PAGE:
Rewind ten years, and if you were in the IT business, you’ll remember that laptop computers were the hottest items in the computing world. IT shops were handing them out like free samples of Chinese food at the mall.
Soon after these devices were handed out, strange things began to happen. Laptops turned up missing, data mysteriously leaked from organizations, viruses seemed to appear on your network from nowhere and data loss from abuse of the laptop were just a few of the new issues faced.
Yet we had no policies, mechanisms or controls in place to effectively deal with them. IT shops scrambled to get a handle on the problem and gradually integrated policy and control mechanisms to harness these new creatures.
Today we face a new wave in mobile device threats that make our laptop issues pale in comparison. Devices are smaller, faster, cheaper, offer robust feature sets and come in thousands of shapes and sizes. We’re going to look at three of these new technologies, the security issues they present and several approaches you can take to mitigate the risk posed by these devices.
MP3 players are an extremely hot technology with teens all the way up to grand parents. Makers such as Apple, SanDisk and many others offer a variety of devices for your personal music needs. These devices come in sizes that range from the size of a flash drive all the way to a cassette case. They work by copying music over to internal flash memory just as is done with data flash drives and the mechanics of most MP3 players are identical to flash drives.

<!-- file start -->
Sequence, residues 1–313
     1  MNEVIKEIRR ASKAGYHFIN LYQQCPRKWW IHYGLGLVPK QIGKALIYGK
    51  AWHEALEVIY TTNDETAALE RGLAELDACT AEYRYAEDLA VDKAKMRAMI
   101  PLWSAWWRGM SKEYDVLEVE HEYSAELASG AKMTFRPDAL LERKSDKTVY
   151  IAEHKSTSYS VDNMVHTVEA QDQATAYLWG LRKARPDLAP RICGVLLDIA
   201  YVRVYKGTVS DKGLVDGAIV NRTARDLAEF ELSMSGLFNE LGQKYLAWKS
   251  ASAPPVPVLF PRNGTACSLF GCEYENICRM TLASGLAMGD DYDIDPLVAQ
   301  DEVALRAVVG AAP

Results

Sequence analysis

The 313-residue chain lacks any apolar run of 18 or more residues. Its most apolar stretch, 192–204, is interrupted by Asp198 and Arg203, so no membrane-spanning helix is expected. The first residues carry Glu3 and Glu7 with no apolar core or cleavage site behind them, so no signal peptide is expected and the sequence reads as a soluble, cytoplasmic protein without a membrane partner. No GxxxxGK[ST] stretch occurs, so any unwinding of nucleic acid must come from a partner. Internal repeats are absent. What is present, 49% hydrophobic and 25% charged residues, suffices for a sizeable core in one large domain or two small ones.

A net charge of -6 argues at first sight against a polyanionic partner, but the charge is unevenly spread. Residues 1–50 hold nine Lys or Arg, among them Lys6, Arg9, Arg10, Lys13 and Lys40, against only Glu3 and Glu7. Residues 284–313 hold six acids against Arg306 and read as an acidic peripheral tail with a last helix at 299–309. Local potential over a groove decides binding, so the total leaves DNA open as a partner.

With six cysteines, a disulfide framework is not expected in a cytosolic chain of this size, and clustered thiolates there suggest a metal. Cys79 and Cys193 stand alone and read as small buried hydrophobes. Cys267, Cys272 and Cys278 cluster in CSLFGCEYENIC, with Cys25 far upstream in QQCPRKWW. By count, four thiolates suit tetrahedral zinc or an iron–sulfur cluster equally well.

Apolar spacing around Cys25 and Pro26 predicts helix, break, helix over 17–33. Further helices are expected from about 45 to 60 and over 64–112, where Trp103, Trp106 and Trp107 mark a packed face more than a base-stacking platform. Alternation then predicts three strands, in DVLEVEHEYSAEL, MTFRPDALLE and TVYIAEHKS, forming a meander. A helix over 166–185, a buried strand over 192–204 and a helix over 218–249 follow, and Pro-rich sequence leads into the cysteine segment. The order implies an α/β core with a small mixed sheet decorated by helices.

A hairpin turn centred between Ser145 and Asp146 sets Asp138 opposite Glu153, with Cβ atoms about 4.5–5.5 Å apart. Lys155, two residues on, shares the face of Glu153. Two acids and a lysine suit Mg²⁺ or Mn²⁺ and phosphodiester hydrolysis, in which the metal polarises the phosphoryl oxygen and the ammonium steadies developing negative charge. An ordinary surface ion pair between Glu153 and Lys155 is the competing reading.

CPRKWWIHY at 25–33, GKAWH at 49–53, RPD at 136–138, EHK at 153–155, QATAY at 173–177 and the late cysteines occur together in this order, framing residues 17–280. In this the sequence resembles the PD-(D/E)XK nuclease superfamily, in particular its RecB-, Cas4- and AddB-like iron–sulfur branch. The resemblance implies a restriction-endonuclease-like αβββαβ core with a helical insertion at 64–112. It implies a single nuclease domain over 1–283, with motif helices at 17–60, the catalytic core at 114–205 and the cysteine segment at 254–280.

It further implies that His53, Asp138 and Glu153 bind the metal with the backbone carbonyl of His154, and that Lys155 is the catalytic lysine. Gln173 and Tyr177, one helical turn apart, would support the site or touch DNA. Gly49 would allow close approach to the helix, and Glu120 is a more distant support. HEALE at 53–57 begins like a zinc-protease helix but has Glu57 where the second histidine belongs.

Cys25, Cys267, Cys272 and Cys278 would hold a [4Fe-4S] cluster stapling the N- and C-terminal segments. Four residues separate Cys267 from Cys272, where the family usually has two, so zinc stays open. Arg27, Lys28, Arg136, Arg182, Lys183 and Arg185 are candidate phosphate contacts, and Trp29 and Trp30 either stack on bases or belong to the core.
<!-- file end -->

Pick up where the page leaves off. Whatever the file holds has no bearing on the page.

One case I’m familiar with involves data theft using an MP3 player. Because these players use standard interfaces such as USB, they make for the perfect vessel to carry data in and out of your network. Most security guards and employees never would suspect this vector simply because they don’t understand the technology and they associate these devices with personal entertainment, not portable data storage or theft.
In the end, the employee was caught not because the device was seen, but because she let her friend in on the theft and soon after the friend became nervous and turned the other employee in. Keep in mind, the employee who was stealing data walked past security with the device in plain sight each day. No one stopped her or suspected something was amiss which is the true danger with these devices.
Cell phones have also become much smaller and offer a wide range of features. In addition to data storage capabilities similar to MP3 players, cell phones offer a particularly dangerous feature – built-in digital cameras.
Employees, vendors, janitors, employees and visitors all carry cell phones in and out of the organization. Many times these devices can be used to document the layout of sensitive areas, snap pictures of trade secret documents and most troubling of all, they’re used to carry out sexual harassment.
There are several documented cases of cell phone cameras being used in the workplace to take pictures up the skirts of female coworkers. This act is not only detrimental to the victim, but also places the organization at great risk to litigation. The potential for losses and damages is unlimited.